Annual Report 2013
The state of the world's human rights

2 April 2004

Nepal: Human rights abuses rise as conflict continues

Nepal: Human rights abuses rise as conflict continues
When peace talks between the Communist Party of Nepal (CPN) (Maoist) and the government in Nepal broke down in August 2003, there was an immediate increase in human rights abuses as conflict resumed between the two sides. There has been an escalation in incidences of arbitrary arrest, detention, extra-judicial execution and torture by government security forces and killings, abductions, hostage-taking and child recruitment by the CPN (Maoist).

Nepal's National Human Rights Commission (NHRC) has recorded over 1,200 cases of "disappearances" throughout the country since its foundation in the year 2000. According to figures published by a respected human rights organisation in Kathmandu, over 2,000 people have been killed since August 2003, and credible reports suggest that a large number of these victims were civilians.

Amnesty International has handled over 200 cases of arrests leading to "disappearance" during the period between August 2003, and March 2004, including 15 cases of female detainees. Most are believed to be held illegally in incommunicado detention at army barracks across the country. Amnesty International continues to receive reports of torture, including rape, of those in army and police custody. A large number of those people released from detention in army barracks, between August and April 2004, reported being subjected to beatings, denial of food, and having water poured over their faces, making it difficult for them to breathe.

The Maoists have maintained their traditional strongholds in the remote mountainous areas of mid-western Nepal. It is reported that Maoists dominate most of the countryside, with security forces on the defensive and confined to their barracks in the district headquarters and larger towns of the rural districts. During the renewed violence, it has been reported that over 50 civilians have been killed by the Maoists, including two farmers in the East of the country who were killed for refusing to pay "donations" to the Maoist party.

There have been more than 80 abductions of civilians reported; the majority of those abducted were political party workers in rural areas. Since January 2004, the Maoists have been pursuing a strategy of abducting hundreds of school-age children and their teachers from schools in the west of Nepal for short periods of time.

The abductees are reportedly given training by the Maoists, and are made to take part in Maoist programmes before being returned to their homes. The Maoists have also been carrying out a steady assassination campaign, targeting army, police, and political party officials. The assassinations of Gopal Giri, Mayor of Birgunj City in Southern Nepal, on 15 January, and Ganesh Chiluwal, head of the Maoist Victims Association in Kathmandu, on 15 February 2004, were chilling reminders of this strategy.

Most recently the "centralised attacks", carried out by the CPN (Maoist) on district headquarters in Bhojpur and Myagdi districts, have resulted in huge loss of life on both sides of the conflict. Over ten civilian deaths were reported following the battle in Myagdi, though it is not yet clear whether those deaths were the result of mortars dropped in aerial bombardments by the army or mortars fired into the town by the Maoists. These attacks demonstrate a renewed willingness amongst the rebels to engage the security forces in large-scale armed conflict.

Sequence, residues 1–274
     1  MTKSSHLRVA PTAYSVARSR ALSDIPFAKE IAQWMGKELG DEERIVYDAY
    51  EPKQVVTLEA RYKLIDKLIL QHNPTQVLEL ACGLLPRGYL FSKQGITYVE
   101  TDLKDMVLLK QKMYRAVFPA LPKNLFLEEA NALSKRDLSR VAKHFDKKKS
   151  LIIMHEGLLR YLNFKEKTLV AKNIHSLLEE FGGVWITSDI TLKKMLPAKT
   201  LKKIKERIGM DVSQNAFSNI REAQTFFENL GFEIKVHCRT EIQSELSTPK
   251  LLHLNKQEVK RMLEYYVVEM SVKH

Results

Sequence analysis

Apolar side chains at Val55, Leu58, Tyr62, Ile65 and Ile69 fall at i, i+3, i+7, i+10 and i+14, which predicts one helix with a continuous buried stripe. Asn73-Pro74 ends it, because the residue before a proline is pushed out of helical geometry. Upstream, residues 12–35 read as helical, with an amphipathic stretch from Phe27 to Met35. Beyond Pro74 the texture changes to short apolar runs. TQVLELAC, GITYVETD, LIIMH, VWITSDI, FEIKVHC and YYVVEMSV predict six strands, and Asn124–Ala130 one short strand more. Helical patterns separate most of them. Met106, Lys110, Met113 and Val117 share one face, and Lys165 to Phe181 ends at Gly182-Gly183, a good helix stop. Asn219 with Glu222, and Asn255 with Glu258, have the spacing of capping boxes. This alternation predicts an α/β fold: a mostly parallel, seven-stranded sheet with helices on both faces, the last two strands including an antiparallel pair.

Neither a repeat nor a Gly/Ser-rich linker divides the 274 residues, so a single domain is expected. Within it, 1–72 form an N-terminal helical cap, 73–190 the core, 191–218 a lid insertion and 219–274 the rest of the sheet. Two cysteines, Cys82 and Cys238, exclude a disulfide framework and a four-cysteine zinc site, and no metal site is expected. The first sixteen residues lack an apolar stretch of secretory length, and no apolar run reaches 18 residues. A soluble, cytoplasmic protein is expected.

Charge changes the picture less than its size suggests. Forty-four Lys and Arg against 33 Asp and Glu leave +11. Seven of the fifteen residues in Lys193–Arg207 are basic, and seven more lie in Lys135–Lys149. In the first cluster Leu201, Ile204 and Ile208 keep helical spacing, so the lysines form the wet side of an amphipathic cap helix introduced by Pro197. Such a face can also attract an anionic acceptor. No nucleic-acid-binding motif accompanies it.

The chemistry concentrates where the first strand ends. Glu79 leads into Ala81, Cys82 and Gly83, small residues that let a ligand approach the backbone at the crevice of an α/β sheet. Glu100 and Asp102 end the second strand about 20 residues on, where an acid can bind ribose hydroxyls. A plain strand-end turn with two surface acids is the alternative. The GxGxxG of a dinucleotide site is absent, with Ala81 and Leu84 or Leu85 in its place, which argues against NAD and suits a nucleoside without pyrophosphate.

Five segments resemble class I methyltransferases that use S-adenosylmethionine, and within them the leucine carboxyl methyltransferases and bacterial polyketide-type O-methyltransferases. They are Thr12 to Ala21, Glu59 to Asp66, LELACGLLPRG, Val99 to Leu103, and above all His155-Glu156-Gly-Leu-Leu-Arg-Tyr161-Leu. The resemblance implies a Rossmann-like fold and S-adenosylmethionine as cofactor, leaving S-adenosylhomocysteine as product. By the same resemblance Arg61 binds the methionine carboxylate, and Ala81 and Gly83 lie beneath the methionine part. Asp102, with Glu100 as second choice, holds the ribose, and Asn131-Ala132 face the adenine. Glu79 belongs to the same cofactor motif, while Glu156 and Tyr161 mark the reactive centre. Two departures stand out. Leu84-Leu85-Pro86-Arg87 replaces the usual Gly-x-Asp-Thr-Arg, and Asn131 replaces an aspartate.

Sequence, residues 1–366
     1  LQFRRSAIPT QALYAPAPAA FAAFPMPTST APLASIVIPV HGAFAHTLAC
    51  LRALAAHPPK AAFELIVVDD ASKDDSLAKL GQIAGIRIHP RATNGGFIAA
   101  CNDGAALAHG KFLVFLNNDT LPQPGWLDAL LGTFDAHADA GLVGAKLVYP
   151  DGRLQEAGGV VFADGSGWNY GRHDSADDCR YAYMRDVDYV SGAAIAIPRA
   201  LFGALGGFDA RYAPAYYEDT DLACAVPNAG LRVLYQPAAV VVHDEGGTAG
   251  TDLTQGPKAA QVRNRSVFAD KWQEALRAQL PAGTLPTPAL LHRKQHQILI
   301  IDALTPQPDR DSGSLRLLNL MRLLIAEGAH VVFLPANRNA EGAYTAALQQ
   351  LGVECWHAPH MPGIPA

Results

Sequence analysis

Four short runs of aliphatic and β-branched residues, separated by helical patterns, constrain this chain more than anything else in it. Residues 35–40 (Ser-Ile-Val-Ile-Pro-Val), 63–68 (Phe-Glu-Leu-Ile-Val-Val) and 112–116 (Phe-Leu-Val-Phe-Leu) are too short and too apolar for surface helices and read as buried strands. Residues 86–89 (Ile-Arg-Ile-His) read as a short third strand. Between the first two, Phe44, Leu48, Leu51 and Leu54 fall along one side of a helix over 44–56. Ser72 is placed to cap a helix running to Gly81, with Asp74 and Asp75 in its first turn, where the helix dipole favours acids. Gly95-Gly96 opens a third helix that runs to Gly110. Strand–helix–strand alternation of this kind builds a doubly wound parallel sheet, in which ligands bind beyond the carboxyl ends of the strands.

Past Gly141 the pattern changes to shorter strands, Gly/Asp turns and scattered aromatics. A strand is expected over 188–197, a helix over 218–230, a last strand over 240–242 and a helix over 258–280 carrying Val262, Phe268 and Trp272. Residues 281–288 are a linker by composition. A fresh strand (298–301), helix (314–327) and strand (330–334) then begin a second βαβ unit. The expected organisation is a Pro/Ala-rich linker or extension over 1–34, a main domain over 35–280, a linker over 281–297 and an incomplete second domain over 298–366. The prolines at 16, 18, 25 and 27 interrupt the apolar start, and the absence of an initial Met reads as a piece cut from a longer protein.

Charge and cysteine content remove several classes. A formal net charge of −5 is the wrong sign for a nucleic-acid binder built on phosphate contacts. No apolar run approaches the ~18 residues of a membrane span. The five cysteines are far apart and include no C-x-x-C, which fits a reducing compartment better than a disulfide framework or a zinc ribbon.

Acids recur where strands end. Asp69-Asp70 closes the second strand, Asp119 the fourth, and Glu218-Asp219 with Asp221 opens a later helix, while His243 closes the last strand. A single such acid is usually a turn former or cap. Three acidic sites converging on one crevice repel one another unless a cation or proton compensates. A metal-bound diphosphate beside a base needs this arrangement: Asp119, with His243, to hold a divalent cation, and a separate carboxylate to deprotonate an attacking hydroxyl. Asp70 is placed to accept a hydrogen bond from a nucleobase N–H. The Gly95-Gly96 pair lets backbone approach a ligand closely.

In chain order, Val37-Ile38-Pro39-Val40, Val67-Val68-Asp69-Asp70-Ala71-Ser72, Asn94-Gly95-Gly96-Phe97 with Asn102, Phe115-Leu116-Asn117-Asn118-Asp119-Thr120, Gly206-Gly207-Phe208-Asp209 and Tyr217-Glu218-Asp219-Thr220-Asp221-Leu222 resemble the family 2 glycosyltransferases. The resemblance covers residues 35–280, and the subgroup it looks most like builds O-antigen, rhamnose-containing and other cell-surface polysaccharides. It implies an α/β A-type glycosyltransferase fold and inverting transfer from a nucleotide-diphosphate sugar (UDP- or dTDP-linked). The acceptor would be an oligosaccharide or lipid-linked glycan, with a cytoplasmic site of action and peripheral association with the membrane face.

The unilateral withdrawal from the seven-month period of ceasefire by the CPN (Maoist) on 27 August 2003 followed an incident in which soldiers of the Royal Nepal Army surrounded a house where a group of Maoists was meeting in Doramba village, Ramechhap district, on 17 August 2003. One man was shot dead at the scene, and 19 other suspected Maoists, including five women, were taken into army custody. The detainees were taken away from the village with their hands tied behind their backs. All 19 detainees are believed to have been executed at Dandakateri, a hill outside the village.

A team sent to investigate the killings by the NHRC found that the majority had died of gun shots to the head, fired from close range. The Royal Nepal Army initially claimed that the rebels had been killed during an ambush and stated that they would conduct their own investigation into the incident. Observers in Nepal cite the Doramba killings as being instrumental in the breakdown of peace talks and the resumption of violence ten days later.

The CPN (Maoist) retaliated to the alleged extra-judicial executions on 1 September 2003 in Ramechhap, by killing the village's senior rural health worker Reli Maya Moktan (wife of Chandika Lal Moktan) and Bhim Bahadur Shrestha, a member of the Nepali Congress Party. The two victims were charged with having passed on information to the army about Maoist movements in the area, thus precipitating the army attack of 17 August.

On 11 March 2004, the Nepal army authorities admitted that some of the victims of the Doramba incident had been executed following arrest by the army and confirmed that they had begun proceedings to court-martial the Major who had commanded that patrol in Doramba on 17 August 2003.


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